Poetry & Place #2

This is the second in an ongoing series of blog posts about the poetry of place. Upcoming posts will focus on factories, mine fires, canyons, South Africa, and Oklahoma.

My favorite place in the world is Carlsbad Caverns, early in the morning, before the crowds arrive, after hiking down the 750+ foot trail. Of the four times I’ve been to the Caverns, three fell during the time the elevator that ferries people down from the surface was out of order, which meant that in addition to hiking down, I knew I’d have to hike up.

I am most at home lounging in my bed with my cats, watching Netflix on my computer, and compulsively checking Facebook. I am not regularly hiking what is described as a “strenuous, steep” path uphill for any period of time. And I confess, each time I hiked Carlsbad Caverns, I was wheezing and sweating despite the coolness of the cave, stopping every few hundred feet to catch my breath. But to be in this place that let me be part of its sanctity, a natural sanctuary, and to use my body to climb out of it—that felt like worship.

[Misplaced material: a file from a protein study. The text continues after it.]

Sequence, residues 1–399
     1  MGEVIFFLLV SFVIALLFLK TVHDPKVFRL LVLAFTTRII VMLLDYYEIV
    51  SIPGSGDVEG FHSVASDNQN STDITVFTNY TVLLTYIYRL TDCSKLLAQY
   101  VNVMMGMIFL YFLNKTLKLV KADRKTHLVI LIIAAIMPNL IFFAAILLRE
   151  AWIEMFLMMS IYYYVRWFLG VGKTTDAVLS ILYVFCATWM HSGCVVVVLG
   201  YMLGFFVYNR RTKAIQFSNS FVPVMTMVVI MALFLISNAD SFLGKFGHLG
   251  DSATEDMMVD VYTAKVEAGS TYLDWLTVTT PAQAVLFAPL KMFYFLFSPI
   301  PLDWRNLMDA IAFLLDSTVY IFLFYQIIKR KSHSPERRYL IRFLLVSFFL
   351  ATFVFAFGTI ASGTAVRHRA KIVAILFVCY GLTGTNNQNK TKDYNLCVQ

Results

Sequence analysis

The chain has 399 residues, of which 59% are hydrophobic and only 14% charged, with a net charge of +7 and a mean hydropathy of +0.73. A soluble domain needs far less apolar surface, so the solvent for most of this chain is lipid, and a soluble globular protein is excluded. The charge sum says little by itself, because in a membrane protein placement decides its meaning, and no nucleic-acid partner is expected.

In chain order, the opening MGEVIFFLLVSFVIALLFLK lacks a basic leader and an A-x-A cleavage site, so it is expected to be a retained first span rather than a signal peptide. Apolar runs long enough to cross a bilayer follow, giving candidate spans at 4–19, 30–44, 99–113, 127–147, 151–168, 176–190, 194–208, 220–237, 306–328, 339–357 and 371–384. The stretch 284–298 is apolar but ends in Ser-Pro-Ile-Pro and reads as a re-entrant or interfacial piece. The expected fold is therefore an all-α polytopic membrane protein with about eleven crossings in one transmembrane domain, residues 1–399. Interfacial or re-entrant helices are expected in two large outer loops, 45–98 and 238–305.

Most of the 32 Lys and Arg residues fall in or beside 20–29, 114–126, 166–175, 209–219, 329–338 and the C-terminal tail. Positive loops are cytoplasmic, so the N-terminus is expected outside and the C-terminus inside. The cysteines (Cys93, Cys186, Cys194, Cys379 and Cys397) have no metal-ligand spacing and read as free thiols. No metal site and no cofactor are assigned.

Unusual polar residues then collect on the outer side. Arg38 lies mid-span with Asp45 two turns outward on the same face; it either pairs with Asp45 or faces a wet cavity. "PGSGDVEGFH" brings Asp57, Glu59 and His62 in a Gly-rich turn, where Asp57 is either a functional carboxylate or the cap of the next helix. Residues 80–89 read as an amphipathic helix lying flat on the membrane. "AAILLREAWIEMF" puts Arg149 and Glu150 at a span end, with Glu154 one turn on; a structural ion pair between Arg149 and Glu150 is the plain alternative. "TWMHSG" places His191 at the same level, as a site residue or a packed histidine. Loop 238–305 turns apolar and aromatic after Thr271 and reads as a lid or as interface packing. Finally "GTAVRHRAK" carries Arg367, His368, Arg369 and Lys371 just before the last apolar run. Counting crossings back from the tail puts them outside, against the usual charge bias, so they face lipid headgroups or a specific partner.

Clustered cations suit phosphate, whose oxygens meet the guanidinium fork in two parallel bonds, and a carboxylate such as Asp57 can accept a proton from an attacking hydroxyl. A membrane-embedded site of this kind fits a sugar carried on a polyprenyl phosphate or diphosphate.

How do I relate this to poetry? When I was young, my family attended a fundamentalist church at least three days per week, and because my parents held various leadership positions, we often spent all day there. I grew up in sanctuaries where I made tunnels of church chairs and played hide-and-seek in their shadows. I made that space my own as much as I could, though I never once thought to climb the pulpit.

Now, as an adult removed from that world, and as a poet, I see the ways that pulpit was designed to keep me off of it. And because so much of my young life was consumed by religious exercise and fervor, these are the metaphors I know, no matter how far an uphill climb it is to use them effectively and without guilt.


The first time I went to Carlsbad, the very first thing I heard once I entered the famous Big Room was a small child pulled along by his arm, asking his mother, “Why are we moving so fast? It’s so beautiful.” Writing, for me, is slow going. There is much wheezing and sweating, and even more sitting still, balking at the task in front of me. In those quiet spaces of doubt, however, the earth underneath the earth unfurls itself. The water drips down from the ceiling, drop by drop, creating. 

Sarah Gzemski is the Publicity and Publications Coordinator at the Poetry Center and the Managing Editor of Noemi Press. Her chapbook, Centralia, is available from Porkbelly Press.

All images courtesy Sarah Gzemski.